Originally published on Benscomputer.no-ip.org 20 May 2009
I was having another curious read of Phorms PR blog -StopPhoulPlay - and there were a couple of things I
noticed. If I'm honest, they made me laugh. There's nothing more you can do when reading such trash.
OK, so lets get started. In this post Phorm talk about the number 10 petition. Now personally, I believe most of these petitions are a waste of time, I've yet to hear of a success story. But, Phorm go one step further,
In the United Kingdom, the tradition of raising a popular petition against a perceived miscarriage of justice has a long and distinguished pedigree, but not one that the privacy pirates felt any hesitation about desecrating.
Now, how exactly does that work? The 'Privacy Pirates' posted a petition on number 10's website about an issue.
An issue that they, and many others, clearly feel strongly about. How is that a desecration of the Petition
Tradition? Surely it's the point in petitions.
Still, it gets better. Lets take a look at 'The Truth' from Phorms perspective;
The total number of signatures in support of the petition was 21,403, or 0.2% of the combined broadband subscriber base of the UKs three largest ISPs.
Now any statistician will tell you that you will never get 100% of people to fill out a questionnaire, or sign a petition. OK, there's a huge gap between 100% and 0.2% (assuming the figure is correct), but many of those subscribers were probably unaware of Phorm, or even just unaware of the Petition itself. Another percentage will question the point in filling out any petition on Number 10s website. Then you have the percentage who see that you need to provide quite a few details just to add your signature, and probably decided that they couldn't be bothered.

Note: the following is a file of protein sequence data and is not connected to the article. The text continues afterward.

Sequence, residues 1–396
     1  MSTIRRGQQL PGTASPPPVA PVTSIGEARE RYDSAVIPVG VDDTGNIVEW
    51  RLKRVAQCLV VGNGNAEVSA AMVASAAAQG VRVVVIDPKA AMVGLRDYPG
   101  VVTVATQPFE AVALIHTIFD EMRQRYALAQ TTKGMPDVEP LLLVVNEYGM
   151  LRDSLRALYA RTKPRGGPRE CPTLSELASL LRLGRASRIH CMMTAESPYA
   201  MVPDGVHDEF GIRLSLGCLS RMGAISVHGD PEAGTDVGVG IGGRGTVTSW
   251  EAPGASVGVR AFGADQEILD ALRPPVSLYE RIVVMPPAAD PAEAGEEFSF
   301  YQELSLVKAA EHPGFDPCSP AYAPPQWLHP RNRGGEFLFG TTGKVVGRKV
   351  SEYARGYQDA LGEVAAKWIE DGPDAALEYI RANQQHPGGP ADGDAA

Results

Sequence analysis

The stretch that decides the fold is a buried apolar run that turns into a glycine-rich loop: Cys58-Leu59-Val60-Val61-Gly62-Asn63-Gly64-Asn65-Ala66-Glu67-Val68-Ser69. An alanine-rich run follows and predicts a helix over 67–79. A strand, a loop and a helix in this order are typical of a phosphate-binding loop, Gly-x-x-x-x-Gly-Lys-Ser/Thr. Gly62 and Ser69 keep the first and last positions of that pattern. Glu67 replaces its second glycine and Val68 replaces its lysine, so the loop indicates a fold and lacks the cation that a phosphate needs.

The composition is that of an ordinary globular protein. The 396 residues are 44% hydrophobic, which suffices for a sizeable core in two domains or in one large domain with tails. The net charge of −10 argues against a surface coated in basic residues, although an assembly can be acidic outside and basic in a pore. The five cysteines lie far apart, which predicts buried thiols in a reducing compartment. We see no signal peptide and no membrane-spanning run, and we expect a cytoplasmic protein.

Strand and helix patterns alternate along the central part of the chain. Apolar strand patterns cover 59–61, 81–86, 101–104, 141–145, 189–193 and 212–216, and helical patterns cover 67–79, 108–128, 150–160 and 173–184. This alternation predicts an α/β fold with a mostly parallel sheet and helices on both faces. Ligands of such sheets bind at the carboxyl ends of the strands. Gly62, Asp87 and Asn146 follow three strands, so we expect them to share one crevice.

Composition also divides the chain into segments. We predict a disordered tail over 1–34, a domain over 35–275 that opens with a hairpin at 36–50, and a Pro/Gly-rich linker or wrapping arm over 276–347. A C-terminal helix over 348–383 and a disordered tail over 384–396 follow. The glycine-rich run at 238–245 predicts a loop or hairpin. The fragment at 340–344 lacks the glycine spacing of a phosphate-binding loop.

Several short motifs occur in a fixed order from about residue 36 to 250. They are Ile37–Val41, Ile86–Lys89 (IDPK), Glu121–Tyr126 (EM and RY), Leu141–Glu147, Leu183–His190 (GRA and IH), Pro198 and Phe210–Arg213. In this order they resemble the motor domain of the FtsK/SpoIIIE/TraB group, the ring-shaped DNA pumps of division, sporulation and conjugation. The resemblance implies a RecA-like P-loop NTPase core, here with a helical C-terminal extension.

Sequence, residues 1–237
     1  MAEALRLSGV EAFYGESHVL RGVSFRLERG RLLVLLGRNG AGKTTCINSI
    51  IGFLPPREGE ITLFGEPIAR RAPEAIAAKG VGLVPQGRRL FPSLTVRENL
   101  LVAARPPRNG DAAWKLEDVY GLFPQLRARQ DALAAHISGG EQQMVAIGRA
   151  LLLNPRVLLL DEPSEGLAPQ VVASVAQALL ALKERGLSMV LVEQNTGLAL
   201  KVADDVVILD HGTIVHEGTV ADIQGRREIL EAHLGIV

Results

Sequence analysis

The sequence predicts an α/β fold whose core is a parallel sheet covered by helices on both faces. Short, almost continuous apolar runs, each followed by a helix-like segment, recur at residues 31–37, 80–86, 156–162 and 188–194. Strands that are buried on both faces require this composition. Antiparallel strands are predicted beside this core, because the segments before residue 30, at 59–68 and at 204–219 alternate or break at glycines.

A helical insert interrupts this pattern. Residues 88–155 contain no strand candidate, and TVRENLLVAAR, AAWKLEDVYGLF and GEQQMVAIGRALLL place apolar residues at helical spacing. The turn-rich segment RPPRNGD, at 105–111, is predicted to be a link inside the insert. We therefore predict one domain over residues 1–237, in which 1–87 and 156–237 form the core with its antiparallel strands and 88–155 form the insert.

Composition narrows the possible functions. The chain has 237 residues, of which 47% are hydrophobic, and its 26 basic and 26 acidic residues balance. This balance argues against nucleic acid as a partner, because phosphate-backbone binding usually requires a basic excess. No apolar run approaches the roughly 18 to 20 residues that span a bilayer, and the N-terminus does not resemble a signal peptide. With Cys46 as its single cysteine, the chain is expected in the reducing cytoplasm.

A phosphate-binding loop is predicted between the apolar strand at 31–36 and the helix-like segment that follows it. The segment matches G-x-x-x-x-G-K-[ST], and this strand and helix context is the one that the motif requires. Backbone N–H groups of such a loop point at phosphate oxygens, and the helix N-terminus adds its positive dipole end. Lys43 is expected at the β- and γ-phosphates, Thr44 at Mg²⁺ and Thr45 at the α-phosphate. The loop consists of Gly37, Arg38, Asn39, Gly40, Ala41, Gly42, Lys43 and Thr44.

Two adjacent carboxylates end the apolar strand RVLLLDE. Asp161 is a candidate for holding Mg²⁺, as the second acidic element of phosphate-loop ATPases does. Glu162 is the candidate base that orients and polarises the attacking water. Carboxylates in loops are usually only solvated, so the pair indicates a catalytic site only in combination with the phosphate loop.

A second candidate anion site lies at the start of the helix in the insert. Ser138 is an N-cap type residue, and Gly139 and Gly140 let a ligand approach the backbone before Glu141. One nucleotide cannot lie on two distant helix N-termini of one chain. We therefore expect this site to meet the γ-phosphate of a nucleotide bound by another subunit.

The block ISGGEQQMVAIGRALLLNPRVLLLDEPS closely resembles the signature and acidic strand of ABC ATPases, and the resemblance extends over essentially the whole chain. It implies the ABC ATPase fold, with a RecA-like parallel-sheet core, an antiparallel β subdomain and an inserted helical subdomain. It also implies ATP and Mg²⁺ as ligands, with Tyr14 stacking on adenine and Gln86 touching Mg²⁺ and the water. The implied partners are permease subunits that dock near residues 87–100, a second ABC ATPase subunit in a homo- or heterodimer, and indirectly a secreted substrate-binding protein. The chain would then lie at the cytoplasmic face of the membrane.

It may be a tiny percentage, but its still tens of thousands of people. I remember being told that one letter to an MP usually represents the opinion of at least 100 people, so if you apply that logic here, thats 2140300 people. Give or take.
There's no way to accurately identify how many are for Phorm, how many are against, and how many just don't care (Most BT Subscribers I've spoken to are against), so lets move on.
Phorm takes a look at the Open Rights Group's Open letter. In the post Phorm launches yet another attack on Marcus Williamson. It once again claims that he is a serial letter writer, but a) there's no substantiation and b) if the letters are all about Phorm then it's not really representative.
Phorm also claims that the letter was published purely to create bad PR for Phorm. This is an interesting twist on what I expect to be the truth. I'd say that the letter was published in an effort to make the consumer aware of Phorm, and the planned system. Of course, if I was a PR bod at Phorm, this would definitely be classed as bad PR.
It does not bode well for a company if any releases made for the benefit of the consumer are bad PR. It means that an informed consumer would not choose to use your product/service.
ORG claims that its campaign against Phorm is motivated by the higher purpose of protecting consumer privacy. But if that were the whole story Phorm would be engaging with ORG in a very civilised dialogue since we share the same objective, which is why we have designed a technology that sets a new benchmark for online privacy.
Sadly, this statement is misguided. There is no way that Phorms system can be deployed as planned and protect consumer privacy. Yes, there could be some dialogue to improve the privacy aspects of the system, but it's already been said that what the consumer wants is for the system to be Opt-In (not Opt-Out), and to be set at network level. I.e Traffic should not touch their hardware unless we've opted in.
Not that hard is it? Oh unless you suspect consumers don't want your product. Then it's just not good business to ask permission, better to imply it.